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By Minyvonne Burke and Alex Johnson

An Arizona man was searching for gold when he fell into a 100-foot-deep mine shaft in a remote desert area, sparking an hourslong rescue mission.

John Waddell, 60, was pulled from the shaft on Wednesday night, two days after his carabiner clip broke, sending him tumbling 40 to 50 feet into the bottom of the mine.

Terry Shrader said Waddell, a close friend, called him on Monday to say he was trekking out to the remote desert area near Aguila, about 90 miles northwest of Phoenix, to search for the precious metal. Authorities said Wednesday that Waddell owned the property and had worked it for 20 years.

Shrader and Waddell had made a deal that if Waddell wasn't back by Tuesday, Shrader needed to search for him.

John Waddell.Facebook

Shrader told NBC News that he became worried when he still had not heard from Waddell on Wednesday. Luckily, he knew exactly where to find him.

"Just as I pulled up in the truck, I could hear him hollering," Shrader said.

Shrader said he found an area where he could get cellphone service and called 911. He then dropped water to Waddell as they waited for help.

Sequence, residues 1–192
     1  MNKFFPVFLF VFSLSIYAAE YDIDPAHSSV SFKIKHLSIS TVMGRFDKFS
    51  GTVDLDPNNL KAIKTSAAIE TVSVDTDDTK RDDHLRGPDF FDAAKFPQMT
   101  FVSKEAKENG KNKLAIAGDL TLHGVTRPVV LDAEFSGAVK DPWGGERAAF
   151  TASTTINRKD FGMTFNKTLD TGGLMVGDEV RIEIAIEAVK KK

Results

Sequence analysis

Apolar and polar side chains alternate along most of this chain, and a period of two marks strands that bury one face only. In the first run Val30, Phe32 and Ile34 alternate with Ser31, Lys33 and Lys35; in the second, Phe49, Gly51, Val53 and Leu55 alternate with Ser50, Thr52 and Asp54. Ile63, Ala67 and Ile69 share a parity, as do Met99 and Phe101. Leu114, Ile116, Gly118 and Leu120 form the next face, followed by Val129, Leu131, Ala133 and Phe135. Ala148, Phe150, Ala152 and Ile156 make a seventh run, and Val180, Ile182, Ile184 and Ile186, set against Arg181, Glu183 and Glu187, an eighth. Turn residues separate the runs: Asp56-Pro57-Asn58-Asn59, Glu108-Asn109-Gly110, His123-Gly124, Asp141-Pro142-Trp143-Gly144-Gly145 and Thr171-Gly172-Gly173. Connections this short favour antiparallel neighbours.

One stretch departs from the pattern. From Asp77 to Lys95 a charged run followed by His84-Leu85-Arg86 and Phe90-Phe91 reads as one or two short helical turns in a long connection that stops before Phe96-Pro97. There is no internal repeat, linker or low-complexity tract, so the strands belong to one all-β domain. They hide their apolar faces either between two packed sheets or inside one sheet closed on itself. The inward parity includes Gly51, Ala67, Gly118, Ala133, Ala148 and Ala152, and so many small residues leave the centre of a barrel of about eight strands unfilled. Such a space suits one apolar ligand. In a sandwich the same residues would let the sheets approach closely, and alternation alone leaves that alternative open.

Waddell's dramatic rescue was recorded on video that shows rescue workers' using rope to pull him to safety. It took about five hours before Waddell was removed from the shaft.

He was then flown to Banner-University Medical Center Phoenix with injuries that weren't considered life-threatening, Maricopa County Sheriff's Office Sgt. Joaquin Enriquez tweeted.

"We are looking forward to his recovery. Great outcome today with all MCSO and law enforcement partners," he wrote.

A hospital spokesperson told NBC News that Waddell broke his legs and underwent surgery on Thursday.

"Mr. Waddell is happy to be with his loved ones and is looking forward to a successful recovery. The family has asked for privacy at this time," the spokesperson said.

Shrader said Waddell told him he had to kill three rattlesnakes to keep them from biting him as he waited for someone to find him.

"He's a tough guy," Shrader told NBC affiliate KPNX of Phoenix. "I've never seen anything like this. He's got both artificial knees. One of them was messed up pretty bad."